Tim: What happens when you are working on a document at the airport, your wi-fi pass expires, and you hit Save? Maybe a beta tester can answer this. Does Word or Excel prompt for a local copy instead? And if you save such a copy, how do you sync up the changes later?
Kip: Just tried it, Tim. Opened a document from Workspaces, made a change, disconnected from the internet, and hit “Save to Office Live”. Word immediately opened the local My Documents folder and offered to save it there, just as if it was a local file.
Tim: Thanks for checking this out. That’s not ideal in my view. It should save it locally but automatically synch it at the next opportunity.
In fact, I think the folder in which Workspace offered to save Kip’s file was a Workspace folder, not a local one. At least, that’s what I saw when I repeated the experiment:
From there, I clicked the Save button and saw this:
Fair enough. Network problems were preventing a connection to the server. I’d have needed to make a conscious choice to save locally.
What then? A variety of scenarios are plausible. That’s the good news, but also the bad news, about having an offline option. When editable documents can live on multiple local drives and in the cloud, people need to be aware of multiple names and locations. It’s inherently harder to collaborate. But you can untether, and you can use full-strength applications.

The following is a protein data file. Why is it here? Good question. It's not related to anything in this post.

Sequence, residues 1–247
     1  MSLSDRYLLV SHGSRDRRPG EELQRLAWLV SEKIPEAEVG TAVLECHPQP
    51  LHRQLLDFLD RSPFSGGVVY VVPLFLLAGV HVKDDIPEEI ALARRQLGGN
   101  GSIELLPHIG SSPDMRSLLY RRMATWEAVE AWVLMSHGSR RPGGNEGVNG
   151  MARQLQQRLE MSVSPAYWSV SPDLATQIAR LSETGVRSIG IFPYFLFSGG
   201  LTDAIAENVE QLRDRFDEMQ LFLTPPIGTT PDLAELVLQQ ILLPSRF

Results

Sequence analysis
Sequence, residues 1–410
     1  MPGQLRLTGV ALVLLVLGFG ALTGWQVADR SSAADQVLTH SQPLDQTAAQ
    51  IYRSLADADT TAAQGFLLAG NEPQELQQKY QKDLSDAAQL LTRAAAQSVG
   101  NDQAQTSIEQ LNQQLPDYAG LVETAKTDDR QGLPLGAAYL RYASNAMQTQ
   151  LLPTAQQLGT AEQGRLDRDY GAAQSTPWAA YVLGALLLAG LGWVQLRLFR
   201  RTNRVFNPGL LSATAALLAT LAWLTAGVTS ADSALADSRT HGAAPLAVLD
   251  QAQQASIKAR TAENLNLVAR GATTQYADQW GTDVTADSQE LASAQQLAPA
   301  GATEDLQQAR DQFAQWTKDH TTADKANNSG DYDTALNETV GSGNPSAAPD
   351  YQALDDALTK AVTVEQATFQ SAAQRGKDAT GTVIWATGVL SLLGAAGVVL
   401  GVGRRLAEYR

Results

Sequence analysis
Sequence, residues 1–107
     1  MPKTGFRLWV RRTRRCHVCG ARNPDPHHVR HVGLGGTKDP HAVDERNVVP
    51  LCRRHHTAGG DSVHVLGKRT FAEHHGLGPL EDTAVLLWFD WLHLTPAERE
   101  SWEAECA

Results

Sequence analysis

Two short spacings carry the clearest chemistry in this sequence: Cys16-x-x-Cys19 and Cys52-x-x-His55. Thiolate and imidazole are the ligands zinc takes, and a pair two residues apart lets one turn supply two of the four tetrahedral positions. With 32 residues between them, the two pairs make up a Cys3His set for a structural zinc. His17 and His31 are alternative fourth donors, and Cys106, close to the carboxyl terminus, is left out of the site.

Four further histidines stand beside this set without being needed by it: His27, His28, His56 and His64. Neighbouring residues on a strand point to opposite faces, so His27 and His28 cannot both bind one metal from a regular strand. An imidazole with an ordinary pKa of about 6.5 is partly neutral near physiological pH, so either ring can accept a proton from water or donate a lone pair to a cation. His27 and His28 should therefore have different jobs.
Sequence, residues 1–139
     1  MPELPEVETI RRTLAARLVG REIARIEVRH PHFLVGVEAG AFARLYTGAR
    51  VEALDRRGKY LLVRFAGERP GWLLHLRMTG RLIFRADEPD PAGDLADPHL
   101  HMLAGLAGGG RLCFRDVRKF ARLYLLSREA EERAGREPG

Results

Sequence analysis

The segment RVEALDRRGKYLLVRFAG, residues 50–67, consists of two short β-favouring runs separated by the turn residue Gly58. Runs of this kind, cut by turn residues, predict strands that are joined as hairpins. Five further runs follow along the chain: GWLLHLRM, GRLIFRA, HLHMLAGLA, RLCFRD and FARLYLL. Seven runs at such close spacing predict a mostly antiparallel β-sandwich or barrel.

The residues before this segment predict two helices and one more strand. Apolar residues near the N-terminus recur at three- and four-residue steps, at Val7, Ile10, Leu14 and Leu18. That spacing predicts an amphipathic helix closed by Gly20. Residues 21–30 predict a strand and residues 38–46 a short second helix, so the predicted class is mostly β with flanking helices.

With Google Docs, where there is only a single cloud-based editable document, people need only keep track of one name and location. It’s inherently easier to collaborate. But you’re always tethered, and (for now) you can only use rudimentary applications.
Given the differing capabilities — and ubiquities! — of browser-based and native applications, there is no single right approach. But as always, extremes converge. Office Live Workspace already has web-only components, like its simple AJAX note writer, which tends toward the model of a single cloud-based editable document and optimizes for collaboration. Meanwhile Zoho already has a Google Gears-based offline mode, and a plug-in for Word and Excel. It goes the other way, enabling editable documents to be in more than one place and enhancing productivity.
One way or another, we arrive at a midpoint along the continuum which is aptly described by the phrase software plus services. The challenge for everyone will be to figure out how best to merge the collaboration benefits of one model with the productivity benefits of the other.